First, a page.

- The Washington Times - Friday, July 18, 2008

MALAISE IN EUROPE

The foreign minister of Finland is worried about a widespread feeling of despair settling over the half-billion citizens of the European Union, many of whom feel isolated from the power center in Brussels and dissatisfied with its accomplishments.

“The mood in Europe has turned sour. I don’t like it one bit,” Alexander Stubb told an audience Thursday at the Carnegie Endowment for International Peace.

“I’m actually worried about the current mood in the EU. It has repercussions for U.S.-EU relations and EU relations with Russia and China.”

Mr. Stubb, foreign minister since April, said the malaise is caused by different issues in the 27-nation bloc but EU officials in the Belgian capital share the blame for failing to communicate EU successes with its citizens.

“We have a communications deficit,” he said. “The big problem is that we haven’t been able to sell enlargement as the success it is.”

The EU has expanded six times since 1951, when Belgium, France, West Germany, Italy, Luxembourg and the Netherlands formed the European Coal and Steel Community the forerunner of the current organization. The most recent enlargements came in 2004, when 10 new countries joined and increased the EU to 25 members, and in 2007, when two new nations joined. Croatia, Macedonia and Turkey are now engaged in membership talks, and Albania, Bosnia-Herzegovina, Montenegro and Serbia are considered potential candidates.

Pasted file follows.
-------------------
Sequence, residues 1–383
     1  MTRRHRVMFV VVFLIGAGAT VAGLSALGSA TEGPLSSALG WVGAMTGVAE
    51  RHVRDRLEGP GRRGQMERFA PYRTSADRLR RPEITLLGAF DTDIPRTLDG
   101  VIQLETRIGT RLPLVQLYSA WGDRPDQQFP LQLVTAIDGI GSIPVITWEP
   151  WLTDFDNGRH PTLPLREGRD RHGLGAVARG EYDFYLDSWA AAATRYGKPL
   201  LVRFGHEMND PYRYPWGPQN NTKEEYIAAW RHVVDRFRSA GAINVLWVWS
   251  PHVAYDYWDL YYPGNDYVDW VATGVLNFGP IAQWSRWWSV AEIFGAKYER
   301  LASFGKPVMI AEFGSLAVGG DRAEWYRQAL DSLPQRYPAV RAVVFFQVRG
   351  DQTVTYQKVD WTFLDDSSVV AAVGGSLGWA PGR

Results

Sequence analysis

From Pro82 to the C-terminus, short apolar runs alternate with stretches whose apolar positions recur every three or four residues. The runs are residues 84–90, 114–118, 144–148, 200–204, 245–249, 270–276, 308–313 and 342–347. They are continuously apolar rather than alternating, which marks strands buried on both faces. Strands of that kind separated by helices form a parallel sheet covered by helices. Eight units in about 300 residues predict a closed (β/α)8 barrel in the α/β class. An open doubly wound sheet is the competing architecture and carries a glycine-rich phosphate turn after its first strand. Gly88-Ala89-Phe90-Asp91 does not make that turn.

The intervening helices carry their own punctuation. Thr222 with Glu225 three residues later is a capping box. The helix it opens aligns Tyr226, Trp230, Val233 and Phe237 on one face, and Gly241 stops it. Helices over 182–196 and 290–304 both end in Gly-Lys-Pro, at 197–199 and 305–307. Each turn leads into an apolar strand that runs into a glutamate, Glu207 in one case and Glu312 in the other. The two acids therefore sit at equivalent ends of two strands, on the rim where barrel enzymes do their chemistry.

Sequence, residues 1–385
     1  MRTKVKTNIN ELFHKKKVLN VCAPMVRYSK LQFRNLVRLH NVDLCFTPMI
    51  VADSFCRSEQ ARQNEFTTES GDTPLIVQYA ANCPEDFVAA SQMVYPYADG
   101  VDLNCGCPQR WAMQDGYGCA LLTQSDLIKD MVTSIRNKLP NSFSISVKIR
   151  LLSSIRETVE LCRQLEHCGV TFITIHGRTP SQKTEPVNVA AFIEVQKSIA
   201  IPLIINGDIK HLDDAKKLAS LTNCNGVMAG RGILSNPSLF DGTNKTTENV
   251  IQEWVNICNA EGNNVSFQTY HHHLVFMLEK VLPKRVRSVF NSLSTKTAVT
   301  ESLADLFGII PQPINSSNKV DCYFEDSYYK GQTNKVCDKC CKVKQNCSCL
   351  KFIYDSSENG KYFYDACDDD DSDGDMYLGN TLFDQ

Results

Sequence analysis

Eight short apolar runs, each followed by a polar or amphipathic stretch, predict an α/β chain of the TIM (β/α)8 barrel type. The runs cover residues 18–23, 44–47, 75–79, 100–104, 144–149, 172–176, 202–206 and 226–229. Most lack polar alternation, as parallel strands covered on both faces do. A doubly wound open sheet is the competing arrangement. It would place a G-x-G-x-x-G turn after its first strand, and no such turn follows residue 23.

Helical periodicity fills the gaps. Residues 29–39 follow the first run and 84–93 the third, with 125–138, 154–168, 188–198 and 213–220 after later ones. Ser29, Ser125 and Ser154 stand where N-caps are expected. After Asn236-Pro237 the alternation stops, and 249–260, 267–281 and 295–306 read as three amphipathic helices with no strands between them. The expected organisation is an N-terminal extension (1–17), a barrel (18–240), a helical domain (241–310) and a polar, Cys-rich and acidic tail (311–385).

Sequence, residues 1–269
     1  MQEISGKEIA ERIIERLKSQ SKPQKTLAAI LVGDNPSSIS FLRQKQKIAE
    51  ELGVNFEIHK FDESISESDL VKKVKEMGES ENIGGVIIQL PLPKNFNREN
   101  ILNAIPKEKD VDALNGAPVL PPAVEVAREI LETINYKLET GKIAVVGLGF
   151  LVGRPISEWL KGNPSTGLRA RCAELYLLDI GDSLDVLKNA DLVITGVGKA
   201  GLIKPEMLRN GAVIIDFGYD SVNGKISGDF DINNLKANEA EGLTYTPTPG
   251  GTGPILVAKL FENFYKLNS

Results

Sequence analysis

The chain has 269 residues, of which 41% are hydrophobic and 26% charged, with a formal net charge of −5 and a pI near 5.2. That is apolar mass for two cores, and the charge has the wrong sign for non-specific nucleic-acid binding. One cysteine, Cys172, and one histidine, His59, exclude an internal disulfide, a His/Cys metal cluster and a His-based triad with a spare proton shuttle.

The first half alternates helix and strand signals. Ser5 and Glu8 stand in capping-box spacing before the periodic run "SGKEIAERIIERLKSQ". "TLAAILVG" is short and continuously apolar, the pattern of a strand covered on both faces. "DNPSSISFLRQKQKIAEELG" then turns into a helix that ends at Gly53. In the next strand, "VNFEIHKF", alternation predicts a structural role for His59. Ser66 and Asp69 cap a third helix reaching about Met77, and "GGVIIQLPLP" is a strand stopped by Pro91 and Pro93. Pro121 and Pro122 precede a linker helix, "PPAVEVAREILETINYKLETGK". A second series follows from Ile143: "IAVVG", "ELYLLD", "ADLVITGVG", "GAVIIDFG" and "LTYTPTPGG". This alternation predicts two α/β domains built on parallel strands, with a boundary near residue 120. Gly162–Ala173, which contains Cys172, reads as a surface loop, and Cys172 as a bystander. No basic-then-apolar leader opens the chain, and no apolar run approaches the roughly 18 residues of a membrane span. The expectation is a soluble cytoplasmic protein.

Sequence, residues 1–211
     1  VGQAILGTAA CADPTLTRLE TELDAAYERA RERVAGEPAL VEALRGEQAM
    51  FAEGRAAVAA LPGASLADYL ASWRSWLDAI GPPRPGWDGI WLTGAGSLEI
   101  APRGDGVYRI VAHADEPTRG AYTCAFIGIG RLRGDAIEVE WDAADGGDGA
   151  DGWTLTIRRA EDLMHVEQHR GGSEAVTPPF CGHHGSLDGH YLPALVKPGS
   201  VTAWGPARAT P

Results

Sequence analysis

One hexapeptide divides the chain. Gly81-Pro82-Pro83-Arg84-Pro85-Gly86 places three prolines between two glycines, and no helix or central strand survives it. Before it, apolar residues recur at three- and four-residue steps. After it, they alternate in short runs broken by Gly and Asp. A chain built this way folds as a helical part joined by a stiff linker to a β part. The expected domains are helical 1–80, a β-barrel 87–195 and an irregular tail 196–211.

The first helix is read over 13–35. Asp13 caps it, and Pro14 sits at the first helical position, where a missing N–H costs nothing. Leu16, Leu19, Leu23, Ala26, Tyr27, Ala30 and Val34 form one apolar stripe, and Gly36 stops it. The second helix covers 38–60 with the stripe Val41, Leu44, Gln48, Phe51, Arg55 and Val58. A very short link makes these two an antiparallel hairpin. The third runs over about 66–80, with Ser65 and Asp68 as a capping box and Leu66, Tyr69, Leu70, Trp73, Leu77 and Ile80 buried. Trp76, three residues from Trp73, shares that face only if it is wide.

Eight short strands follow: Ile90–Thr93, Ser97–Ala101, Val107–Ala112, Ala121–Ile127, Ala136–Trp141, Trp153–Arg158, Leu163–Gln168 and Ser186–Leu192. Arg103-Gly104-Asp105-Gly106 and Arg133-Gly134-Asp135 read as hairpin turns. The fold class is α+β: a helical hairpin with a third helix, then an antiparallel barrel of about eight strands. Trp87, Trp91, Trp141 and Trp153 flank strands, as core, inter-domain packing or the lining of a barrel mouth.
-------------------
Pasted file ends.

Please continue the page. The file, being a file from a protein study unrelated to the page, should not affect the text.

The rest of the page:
“Countries are knocking on the door of the EU because it has been a success,” he said.

However, the Irish rejection of an EU reform treaty dealt a blow to future expansion, Mr. Stubb said. The defeat of the Irish referendum June 12 has been called an “earthquake” that rattled the “Eurocrats” because the treaty needed unanimous approval from all member nations.

Some European leaders are so angry with the Irish that they are talking about creating a second-class membership for nations that refuse to adopt all EU institutions. Others are trying to pressure the Irish to have another vote on the measure that would streamline some EU functions and create an unelected president and foreign and defense minister.

Mr. Stubb urged caution.

“I call for everyone to be cool and calm about it,” he said. “We need to bide time and come up with a creative solution. The solution must come from the Irish. It cannot be imposed on them.”

Mr. Stubb, a former member of the European Parliament, endorsed all of the measures proposed in the treaty, which runs nearly 500 pages. He said the EU should function more akin to a super-national government and establish embassies to support the diplomatic missions of the member nations.

He even suggested removing Britain and France as permanent members of the U.N. Security Council and installing one ambassador for the entire EU bloc. British and French seats on the council are “relics of the past,” he said.

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